The SQL Anywhere and MobiLink developer community is filled to the brim with serious professionals. Everyone who answers questions on the NNTP forums (Sybase tech support, iAnywhere Solutions engineers and outsiders like me) are unfailingly gentle and polite when dealing with even the simplest of questions. The developers are used to that level of service, and they would be shocked and horrified at the treatment waiting for them at StackOverflow.
Sure... Geoff might think so. But remember, he's not just a community member, not just a moderator, he's at the very heart of StackOverflow, and that's important.
Thank you, Geoff Dalgas, for saving me from spending any more time learning about StackOverflow, and from embarrassing myself with friends and clients.
I did have a second question for StackOverflow all lined up ready to go:
How do I create a Google Custom Search Engine that searches within a tag on StackOverflow?Google web search is great, we all know that. What isn't so great, at least for someone with my abilities, is making it work well with websites like StackOverflow.
The StackOverflow search is nice, but Google it ain't.
For example, a Google search on the word subforum will also find subforums and sub-forum, but apparently StackOverflow will not.
Sure, it's easy to set up a Google Custom Search Engine to search all of StackOverflow, but how do I specify an url pattern that will limit the search to posts tagged with "sqlanywhere"? These patterns don't work:
I'm sure there is an answer, maybe someone will comment here ( not gonna ask on StackOverflow, ego still healing :)http://stackoverflow.com/questions/tagged/sqlanywhere/*
Some time ago, in the search for true happiness, I lowered my expectations about developer support forums. I now only have two requirements: First, the forums have to be fast, and second, they have to be searchable by Google.
Once upon a time, the NNTP forums satisfied those requirements. NNTP client software like Forte Agent was blindingly fast, and with the immediate feed from the Sybase NNTP server to Google, the Google Groups search facility brought the power of Google search to bear.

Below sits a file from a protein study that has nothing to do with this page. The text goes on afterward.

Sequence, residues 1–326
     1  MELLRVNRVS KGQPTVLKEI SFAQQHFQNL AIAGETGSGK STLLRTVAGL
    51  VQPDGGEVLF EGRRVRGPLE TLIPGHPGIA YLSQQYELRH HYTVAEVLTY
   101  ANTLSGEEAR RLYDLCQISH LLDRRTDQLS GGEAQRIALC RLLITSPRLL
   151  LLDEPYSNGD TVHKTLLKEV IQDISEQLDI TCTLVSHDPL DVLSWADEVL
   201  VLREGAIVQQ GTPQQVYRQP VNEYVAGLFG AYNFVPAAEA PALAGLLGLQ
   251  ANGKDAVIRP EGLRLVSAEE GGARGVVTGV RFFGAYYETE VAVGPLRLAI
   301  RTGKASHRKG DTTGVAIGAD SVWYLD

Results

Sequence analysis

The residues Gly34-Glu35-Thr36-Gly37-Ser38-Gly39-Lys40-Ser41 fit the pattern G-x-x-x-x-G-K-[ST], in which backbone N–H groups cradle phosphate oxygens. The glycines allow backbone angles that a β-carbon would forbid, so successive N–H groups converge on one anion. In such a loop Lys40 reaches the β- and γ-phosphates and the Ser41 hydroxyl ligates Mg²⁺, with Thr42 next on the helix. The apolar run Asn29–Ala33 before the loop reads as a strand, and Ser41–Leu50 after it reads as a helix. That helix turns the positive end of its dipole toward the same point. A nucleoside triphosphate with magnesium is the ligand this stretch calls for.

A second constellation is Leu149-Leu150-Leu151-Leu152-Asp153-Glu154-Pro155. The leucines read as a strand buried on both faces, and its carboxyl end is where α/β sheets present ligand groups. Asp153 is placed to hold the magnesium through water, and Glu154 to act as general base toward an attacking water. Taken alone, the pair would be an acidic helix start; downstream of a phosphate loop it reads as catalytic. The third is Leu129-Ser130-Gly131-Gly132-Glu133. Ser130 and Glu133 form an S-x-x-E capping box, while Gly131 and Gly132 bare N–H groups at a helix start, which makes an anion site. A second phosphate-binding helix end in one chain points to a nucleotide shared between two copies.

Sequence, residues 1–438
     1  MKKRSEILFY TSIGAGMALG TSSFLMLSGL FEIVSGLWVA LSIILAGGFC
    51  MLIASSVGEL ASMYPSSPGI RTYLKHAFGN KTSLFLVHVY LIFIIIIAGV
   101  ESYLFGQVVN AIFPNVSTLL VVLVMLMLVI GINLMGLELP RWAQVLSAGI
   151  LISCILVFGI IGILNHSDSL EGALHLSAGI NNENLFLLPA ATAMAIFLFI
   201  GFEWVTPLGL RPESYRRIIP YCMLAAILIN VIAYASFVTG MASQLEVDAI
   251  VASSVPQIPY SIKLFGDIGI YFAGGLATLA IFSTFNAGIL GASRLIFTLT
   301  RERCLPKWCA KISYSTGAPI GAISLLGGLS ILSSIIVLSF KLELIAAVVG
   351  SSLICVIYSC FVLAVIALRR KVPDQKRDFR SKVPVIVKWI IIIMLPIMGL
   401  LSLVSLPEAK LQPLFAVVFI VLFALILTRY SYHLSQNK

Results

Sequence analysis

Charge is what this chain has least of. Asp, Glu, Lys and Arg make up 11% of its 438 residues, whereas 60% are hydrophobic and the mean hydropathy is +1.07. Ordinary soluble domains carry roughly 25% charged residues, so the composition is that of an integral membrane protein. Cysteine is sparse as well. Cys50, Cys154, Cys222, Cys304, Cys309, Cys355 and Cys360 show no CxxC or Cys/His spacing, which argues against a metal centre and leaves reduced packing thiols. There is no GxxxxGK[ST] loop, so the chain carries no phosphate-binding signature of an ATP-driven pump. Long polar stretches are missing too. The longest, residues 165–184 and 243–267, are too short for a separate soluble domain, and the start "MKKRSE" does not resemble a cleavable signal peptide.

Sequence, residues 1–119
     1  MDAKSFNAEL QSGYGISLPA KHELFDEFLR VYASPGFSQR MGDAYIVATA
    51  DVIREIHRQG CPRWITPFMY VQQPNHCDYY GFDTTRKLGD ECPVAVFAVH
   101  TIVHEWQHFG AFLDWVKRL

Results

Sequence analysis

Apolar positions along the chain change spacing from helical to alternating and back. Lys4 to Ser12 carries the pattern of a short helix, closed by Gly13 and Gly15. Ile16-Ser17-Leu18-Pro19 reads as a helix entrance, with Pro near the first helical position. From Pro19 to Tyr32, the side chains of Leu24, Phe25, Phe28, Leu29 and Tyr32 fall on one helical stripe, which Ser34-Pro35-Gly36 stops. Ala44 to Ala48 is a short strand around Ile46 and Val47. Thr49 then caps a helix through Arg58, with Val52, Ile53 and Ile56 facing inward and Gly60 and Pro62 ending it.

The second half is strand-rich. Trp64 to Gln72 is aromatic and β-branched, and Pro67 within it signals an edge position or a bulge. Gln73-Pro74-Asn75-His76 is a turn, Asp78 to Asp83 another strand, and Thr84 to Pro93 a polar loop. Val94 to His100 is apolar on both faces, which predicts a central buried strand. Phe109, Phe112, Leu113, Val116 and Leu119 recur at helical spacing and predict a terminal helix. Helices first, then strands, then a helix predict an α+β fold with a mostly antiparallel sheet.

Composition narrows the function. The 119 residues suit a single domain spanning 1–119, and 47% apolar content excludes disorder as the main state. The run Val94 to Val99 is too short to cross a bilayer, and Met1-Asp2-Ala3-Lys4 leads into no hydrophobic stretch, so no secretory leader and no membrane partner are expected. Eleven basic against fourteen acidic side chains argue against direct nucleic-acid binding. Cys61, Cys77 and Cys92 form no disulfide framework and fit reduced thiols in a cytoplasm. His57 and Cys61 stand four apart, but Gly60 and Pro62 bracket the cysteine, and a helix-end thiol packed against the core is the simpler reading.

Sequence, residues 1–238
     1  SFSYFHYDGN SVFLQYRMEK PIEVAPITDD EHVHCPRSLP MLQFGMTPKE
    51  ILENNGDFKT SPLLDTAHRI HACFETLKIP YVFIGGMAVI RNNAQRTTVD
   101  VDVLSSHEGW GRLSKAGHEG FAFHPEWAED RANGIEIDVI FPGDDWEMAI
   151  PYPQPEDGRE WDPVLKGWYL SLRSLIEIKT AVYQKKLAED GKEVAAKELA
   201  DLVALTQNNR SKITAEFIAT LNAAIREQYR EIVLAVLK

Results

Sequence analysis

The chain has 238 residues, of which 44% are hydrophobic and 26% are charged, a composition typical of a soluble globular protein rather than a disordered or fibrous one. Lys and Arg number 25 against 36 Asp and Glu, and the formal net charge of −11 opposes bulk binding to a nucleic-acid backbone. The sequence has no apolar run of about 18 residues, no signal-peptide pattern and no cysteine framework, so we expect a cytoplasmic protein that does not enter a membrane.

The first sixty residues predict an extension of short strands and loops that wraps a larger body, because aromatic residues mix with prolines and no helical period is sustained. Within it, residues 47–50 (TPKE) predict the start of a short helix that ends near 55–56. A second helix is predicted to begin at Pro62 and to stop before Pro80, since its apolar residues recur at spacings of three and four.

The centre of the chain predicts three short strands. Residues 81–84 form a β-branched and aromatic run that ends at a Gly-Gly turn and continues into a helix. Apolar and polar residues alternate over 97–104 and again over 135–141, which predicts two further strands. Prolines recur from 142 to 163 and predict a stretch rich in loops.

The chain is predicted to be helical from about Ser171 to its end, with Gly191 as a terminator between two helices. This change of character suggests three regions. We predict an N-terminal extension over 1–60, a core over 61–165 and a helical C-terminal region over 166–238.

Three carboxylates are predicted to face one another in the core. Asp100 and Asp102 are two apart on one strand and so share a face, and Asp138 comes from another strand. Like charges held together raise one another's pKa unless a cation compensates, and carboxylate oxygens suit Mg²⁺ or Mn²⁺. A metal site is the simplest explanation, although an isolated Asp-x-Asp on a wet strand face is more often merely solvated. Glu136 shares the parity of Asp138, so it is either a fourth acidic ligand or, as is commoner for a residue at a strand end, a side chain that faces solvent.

No more. Forte Agent is still fast, but Google Groups search is broken... and that's the main reason I was revisiting StackOverflow.
Here's the story on Google Groups search, told by example...
Never mind that the following search only finds two matches; after all, 2003 was a long time ago, and the feed from forums.sybase.com to Google Groups has been inoperative from time to time.
No, the problem here is quite different: Google Groups is returning one hit from an entirely different group than the one requested:
The "wrong groups" problem occurs randomly. Sometimes Google Groups searches in the domain range sybase.* return hits in groups entirely outside that range.
The following Google Groups date range search doesn't find any posts in January 2009:
... even though quite a few exist:
... and even though other Google Groups searches can find January posts.
But those are minor issues compared to the problems with exact phrase searches. The following Google Groups searches were formed by plucking various phrases from actual NNTP posts made over several years. None of these searches find anything:
"download acknowledgement disabled" group:sybase.public.sqlanywhere.mobilinkIn each case, Google Groups does have matching messages and can display them via other searches, it just can't find them using simple exact phrase searches.
"use named row parameters" group:sybase.public.sqlanywhere.mobilink
"unable to calculate the timestamp precision" group:sybase.public.sqlanywhere.mobilink
Here's an interesting case; this Google Groups search doesn't find anything: "run syncase.sql" group:sybase.public.sqlanywhere.mobilink
But this search does work, and does successfully find the post that contains the longer phrase "run syncase.sql": "syncase.sql" group:sybase.public.sqlanywhere.mobilink
And this search works too; go figure: "run syncase" group:sybase.public.sqlanywhere.mobilink
Yup, broken... or worse
Google Groups search is broken, which means Google Groups is broken... useless... untrustworthy.
And StackOverflow is run by people like this.
My search for happiness continues.